McKenzie says truckers were told they will need Europe-issued permits to drive through EU countries if Britain leaves the bloc without a deal. Of more than 11,000 who applied, only 984 — less than 10 percent — have been granted the papers.
“It will put people out of business,” McKenzie said. “It’s been an absolutely disastrous process for our industry, which keeps Britain supplied with, essentially, everything.”
He’s not alone in raising the specter of shortages; both the government and British businesses have been stockpiling key goods in case of a no-deal Brexit.
Still, some Brexit-backers, such as former Daily Telegraph editor Charles Moore, relish the prospect of a clean break even if it brings short-term pain.
“Perhaps it is time for a Brexit recipe book, like those comforting wartime rationing ones full of bright ideas for dull things,” Moore wrote in The Spectator, a conservative magazine. He added that he and his neighbors were willing to “set out in our little ships to Dunkirk or wherever and bring back luscious black-market lettuces and French beans, oranges and lemons.”
Brexit supporters often turn to nostalgic evocations of World War II and Britain’s “finest hour,” to the annoyance of pro-Europeans.
The imagery reached a peak of absurdity during a recent BBC news report on Brexit, when the anchor announced that “Theresa May says she intends to go back to Brussels to renegotiate her Brexit deal,” as the screen cut to black-and-white footage of World War II British Spitfires going into battle.
The BBC quickly said the startling juxtaposition was a mistake: The footage was intended for an item about a new Battle of Britain museum. Skeptics saw it as evidence of the broadcaster’s bias, though they disagreed on whether the BBC was biased in favor of Brexit or against it.
Some pro-Europeans have hit back against Brexit with despairing humor.
Four friends have started plastering billboards in London with 20-foot-by-10-foot (6-meter-by-3-meter) images of pro-Brexit politicians’ past tweets, to expose what the group sees as their hypocrisy.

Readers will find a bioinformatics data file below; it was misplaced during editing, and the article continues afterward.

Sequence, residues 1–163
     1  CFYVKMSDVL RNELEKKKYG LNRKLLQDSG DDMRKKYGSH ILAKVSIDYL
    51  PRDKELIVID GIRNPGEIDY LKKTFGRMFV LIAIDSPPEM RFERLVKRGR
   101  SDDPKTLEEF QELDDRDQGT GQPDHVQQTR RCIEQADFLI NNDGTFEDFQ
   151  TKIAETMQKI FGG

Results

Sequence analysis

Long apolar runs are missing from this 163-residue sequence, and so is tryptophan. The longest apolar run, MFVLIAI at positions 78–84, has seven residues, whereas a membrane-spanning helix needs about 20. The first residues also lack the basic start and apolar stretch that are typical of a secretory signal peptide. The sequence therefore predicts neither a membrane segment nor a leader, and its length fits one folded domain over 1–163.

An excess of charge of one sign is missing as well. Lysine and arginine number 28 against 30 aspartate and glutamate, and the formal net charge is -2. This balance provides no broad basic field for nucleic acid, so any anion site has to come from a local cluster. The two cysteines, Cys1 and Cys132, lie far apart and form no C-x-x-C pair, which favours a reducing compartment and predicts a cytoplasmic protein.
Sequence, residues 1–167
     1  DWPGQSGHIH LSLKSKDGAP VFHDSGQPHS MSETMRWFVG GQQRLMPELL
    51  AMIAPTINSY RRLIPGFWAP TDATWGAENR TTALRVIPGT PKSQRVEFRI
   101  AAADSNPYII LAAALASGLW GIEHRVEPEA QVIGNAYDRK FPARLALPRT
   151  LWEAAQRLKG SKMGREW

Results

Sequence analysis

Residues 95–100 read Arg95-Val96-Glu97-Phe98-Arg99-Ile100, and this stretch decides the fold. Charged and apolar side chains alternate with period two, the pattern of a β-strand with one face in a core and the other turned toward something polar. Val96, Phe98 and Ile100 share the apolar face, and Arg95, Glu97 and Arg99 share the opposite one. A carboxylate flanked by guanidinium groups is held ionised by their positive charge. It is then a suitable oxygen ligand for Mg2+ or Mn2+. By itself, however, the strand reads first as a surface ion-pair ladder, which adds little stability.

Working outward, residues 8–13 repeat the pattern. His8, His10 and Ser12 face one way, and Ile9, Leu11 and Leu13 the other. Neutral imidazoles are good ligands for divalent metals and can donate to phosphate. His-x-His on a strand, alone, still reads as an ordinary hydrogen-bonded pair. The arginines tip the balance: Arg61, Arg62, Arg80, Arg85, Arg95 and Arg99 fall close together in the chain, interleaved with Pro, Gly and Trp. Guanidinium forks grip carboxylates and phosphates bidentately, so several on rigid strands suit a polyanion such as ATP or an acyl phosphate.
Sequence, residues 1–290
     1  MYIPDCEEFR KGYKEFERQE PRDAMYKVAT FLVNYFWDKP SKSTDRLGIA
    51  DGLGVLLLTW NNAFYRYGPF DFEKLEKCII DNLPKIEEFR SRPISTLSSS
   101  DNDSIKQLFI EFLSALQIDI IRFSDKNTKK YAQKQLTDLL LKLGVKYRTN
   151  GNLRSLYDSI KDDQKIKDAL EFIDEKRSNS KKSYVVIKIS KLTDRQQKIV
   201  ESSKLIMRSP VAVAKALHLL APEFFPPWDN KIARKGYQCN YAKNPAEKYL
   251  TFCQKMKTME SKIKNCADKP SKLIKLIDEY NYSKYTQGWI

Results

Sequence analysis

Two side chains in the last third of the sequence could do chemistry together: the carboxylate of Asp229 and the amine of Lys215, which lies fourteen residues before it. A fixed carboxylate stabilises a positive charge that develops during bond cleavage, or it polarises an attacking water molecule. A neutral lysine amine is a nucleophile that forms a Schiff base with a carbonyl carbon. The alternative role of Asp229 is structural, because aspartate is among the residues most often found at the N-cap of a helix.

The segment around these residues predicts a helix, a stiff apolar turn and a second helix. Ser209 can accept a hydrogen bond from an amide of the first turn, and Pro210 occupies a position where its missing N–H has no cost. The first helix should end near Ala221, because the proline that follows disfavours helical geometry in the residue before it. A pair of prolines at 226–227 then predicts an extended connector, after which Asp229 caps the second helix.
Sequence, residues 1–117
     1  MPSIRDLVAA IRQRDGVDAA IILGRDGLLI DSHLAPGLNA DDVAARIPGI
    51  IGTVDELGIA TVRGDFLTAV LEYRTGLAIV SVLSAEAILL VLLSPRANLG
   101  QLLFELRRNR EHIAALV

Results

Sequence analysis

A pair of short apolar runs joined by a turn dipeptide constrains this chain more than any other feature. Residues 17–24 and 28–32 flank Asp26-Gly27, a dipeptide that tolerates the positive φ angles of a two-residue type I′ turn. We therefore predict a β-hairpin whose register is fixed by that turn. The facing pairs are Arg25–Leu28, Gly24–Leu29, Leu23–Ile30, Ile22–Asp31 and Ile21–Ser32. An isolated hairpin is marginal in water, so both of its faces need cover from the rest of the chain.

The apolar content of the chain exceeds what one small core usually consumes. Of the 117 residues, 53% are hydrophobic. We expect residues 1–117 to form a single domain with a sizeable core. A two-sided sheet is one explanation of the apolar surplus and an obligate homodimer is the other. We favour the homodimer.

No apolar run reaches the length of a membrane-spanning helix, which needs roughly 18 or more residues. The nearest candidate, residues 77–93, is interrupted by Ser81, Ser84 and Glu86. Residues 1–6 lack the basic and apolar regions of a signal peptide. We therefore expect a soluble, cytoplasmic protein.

Highlights included former U.K. Independence Party leader Nigel Farage’s vow that “if Brexit is a disaster, I will go and live abroad,” and ex-Foreign Secretary Boris Johnson’s pledge to “make a titanic success” of Brexit.
The friends dubbed the campaign “Led by Donkeys,” after the description of British soldiers in World War I as “lions led by donkeys.” The billboards are now going nationwide, after a crowdfunding campaign raised almost 150,000 pounds ($193,000).
“It was a cry of pain, genuine pain, at the chaos in this country and the lies that brought us here,” said a member of the group, a London charity worker who spoke on condition of anonymity because their initial guerrilla posters could be considered illegal.
A similar feeling of alienation reigns across the Brexit divide in the “leave” camp.
After the referendum, Harris, a 28-year-old classically trained singer, founded a group called Leavers of London so Brexiteers could socialize without facing opprobrium from neighbors and colleagues who don’t share their views. It has grown into Leavers of Britain, with branches across the country.
Harris said members “feel like in their workplaces or their personal lives, they’re not accepted for their democratic vote. They’re seen as bad people.”
“I’m really surprised I still have to do this,” she said. But she thinks Britain’s EU divide is as wide as it ever was.
“There can’t be reconciliation until Brexit is done,” she said.
Whenever that is.